Mission in Madagascar
As a student at the University of Cordoba, Argentina, my aim was to finish my education, become a dentist, and get settled in life. Sure, I was aware of my Adventist roots and responsibilities. My parents had brought me up to love God and serve humanity. Doing His will wherever He needed me was part of my early commitment. Although I thought about offering my services as a missionary, I felt that in my own homeland there were enough challenges.
But God has a way of mysteriously intervening in one's life. I was not on a Damascus road or in a fishing boat. I was not even attending a church convention. Just an ordinary meeting with Siegfried Mayr, then president of Indian Ocean Union Mission, turned into an extraordinary event in which profession, vision, and commitment merged, and packed me off on a plane to the distant island of Madagascar.
Madagascar? I had to look up an atlas to find out where it was. Two continents away, on the western edges of the Indian Ocean. Culture, language, eating habits, lifestyle, and whatever else that spells strangeness confronted me when I landed on the island. But there was one thing that was the same between Argentina and Madagascar. There were people in need of God's loving care.
Soon I realized that God's love for the people of Madagascar could be expressed by my working on their teeth. That's a strange way of showing God's love, you say. Not at all. Didn't God make our teeth to last a lifetime? Well, here was a place where such focus was needed. Elder Mayr convinced me earlier that the church could have a lasting impact through professional dental care. No sooner had I landed on the island than I began working on establishing a quality dental clinic that would show in practical ways that Adventists really care.
But the beginnings were not easy. Bureaucracy has its way of turning policies into roadblocks. The local dental association did not see the need to have another dentist on the outskirts of the capital, Antananarivo. Only 10 percent of materials needed to begin the clinic was available locally. And then the biggest problem of all--finances to build a modern facility with up-to-date equipment.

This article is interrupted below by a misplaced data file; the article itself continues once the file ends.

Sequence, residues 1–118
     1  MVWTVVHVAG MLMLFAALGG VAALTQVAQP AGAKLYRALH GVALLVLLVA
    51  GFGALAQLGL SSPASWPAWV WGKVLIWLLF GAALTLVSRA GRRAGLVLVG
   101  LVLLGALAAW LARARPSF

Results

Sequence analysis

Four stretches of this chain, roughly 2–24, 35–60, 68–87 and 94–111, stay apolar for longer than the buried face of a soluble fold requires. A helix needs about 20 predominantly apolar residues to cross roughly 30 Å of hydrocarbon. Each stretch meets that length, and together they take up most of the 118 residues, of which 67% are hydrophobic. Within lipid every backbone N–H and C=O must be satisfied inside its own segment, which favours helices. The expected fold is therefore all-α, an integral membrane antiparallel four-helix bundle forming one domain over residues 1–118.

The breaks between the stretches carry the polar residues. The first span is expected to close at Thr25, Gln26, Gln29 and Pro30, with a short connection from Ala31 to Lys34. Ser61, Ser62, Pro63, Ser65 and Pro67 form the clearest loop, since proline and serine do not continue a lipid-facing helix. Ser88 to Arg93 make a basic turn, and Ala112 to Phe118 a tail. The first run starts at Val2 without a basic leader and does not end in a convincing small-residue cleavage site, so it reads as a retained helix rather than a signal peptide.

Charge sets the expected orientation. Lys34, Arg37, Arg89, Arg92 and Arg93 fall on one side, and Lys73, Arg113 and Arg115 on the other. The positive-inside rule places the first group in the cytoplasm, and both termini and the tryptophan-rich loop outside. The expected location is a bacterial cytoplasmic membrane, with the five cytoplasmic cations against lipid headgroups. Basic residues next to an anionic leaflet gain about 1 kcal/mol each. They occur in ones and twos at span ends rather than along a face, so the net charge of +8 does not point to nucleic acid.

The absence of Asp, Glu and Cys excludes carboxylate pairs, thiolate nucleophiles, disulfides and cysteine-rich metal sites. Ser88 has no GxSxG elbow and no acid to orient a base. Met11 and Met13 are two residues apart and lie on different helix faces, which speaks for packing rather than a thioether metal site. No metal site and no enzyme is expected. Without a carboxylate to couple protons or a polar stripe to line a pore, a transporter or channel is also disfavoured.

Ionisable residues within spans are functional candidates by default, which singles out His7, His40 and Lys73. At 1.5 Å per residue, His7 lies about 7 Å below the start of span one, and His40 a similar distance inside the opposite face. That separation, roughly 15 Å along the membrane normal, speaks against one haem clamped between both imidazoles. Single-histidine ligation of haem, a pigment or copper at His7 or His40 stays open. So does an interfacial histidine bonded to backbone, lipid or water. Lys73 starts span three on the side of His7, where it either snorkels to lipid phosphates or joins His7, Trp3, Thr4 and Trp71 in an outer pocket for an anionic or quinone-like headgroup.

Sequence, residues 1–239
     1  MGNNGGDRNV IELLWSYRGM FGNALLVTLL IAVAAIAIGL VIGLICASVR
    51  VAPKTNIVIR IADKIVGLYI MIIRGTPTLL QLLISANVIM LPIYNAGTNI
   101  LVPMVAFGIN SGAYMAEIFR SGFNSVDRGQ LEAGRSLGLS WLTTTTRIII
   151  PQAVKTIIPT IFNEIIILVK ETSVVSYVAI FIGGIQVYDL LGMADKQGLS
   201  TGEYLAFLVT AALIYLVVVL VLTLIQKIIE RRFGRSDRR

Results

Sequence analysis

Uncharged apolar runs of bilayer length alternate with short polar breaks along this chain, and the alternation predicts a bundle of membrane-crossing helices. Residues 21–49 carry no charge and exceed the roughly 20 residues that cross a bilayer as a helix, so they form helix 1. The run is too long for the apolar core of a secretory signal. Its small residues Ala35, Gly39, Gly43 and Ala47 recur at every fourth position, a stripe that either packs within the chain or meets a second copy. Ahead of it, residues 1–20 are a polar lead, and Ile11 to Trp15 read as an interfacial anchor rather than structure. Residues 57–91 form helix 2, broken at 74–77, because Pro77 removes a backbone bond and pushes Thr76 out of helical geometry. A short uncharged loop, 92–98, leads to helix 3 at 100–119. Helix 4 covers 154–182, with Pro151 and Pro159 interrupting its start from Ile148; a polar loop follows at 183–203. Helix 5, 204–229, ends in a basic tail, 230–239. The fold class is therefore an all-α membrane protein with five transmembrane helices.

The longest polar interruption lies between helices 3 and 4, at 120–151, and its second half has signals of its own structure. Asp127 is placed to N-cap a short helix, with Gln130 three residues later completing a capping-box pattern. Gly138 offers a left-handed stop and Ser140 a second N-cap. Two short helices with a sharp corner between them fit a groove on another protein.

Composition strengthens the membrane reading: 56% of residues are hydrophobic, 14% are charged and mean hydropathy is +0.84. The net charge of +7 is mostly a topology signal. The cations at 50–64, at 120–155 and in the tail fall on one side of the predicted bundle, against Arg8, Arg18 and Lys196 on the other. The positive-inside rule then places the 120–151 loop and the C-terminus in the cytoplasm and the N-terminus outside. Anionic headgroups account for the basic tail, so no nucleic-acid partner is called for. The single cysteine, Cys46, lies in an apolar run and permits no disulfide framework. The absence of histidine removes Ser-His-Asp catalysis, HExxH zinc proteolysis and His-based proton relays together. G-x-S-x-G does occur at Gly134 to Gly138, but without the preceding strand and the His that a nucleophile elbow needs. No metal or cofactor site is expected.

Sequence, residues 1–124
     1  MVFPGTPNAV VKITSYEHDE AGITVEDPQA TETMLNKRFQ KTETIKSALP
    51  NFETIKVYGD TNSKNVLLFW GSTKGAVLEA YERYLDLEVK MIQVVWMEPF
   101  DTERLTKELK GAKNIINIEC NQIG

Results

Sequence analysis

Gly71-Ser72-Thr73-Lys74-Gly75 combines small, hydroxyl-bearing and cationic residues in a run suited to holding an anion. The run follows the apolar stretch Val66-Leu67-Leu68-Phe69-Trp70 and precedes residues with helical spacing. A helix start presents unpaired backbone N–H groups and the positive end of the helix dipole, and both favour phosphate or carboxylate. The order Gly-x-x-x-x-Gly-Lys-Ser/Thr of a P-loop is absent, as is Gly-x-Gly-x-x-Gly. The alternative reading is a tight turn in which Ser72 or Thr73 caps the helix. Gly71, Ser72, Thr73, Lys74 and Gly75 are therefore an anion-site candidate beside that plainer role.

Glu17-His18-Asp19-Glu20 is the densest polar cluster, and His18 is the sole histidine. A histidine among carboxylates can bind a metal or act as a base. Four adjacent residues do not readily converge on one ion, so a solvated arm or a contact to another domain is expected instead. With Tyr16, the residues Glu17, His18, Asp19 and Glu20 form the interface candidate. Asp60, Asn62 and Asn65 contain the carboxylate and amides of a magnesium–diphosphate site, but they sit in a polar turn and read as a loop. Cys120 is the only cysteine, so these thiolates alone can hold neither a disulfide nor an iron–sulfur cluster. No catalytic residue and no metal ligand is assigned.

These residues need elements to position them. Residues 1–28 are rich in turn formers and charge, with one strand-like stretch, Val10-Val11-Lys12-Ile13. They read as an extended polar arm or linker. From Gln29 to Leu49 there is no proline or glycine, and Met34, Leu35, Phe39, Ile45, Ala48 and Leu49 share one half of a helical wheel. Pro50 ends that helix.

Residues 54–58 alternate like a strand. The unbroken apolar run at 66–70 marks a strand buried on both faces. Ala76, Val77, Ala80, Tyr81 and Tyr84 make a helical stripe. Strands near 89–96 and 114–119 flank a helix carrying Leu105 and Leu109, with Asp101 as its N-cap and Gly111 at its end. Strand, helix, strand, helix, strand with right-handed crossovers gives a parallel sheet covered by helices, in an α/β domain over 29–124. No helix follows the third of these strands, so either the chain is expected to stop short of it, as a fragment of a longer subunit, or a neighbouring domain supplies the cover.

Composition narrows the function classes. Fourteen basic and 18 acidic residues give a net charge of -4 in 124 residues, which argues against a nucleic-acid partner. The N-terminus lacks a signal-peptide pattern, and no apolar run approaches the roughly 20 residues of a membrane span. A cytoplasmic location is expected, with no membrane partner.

The situation was not promising. Should I stay and keep trying? Or should I return to the certainty of a comfortable practice in my homeland, near family and friends? Fortunately, the balance was tipped by the force of faith--instilled early in my childhood by godly parents. And did not the Lord Himself say that faith of the size of a mustard seed has the power to move mountains? We prayed, prayed some more, and let God work His way.
Soon doors began to open. Seven months after the initial petition, the Madagascar Health Ministry and the Dental Association granted our request to begin the clinic. Donations from the General Conference and ADRA Sweden, and a loan from the union mission gave us a financial headstart. Two local dentists and a dental associate joined me to form the initial working team. But we needed help in installing laboratories that would make prostheses locally. Help came from Reijo Heirovonen, a Swedish prosthesis maker retired due to an accident. He heard of our need and flew in to make our dream come true. Two other volunteers from Sweden and one from France followed, and finally we had a full-fledged, modern dental clinic in an attractive building we had designed.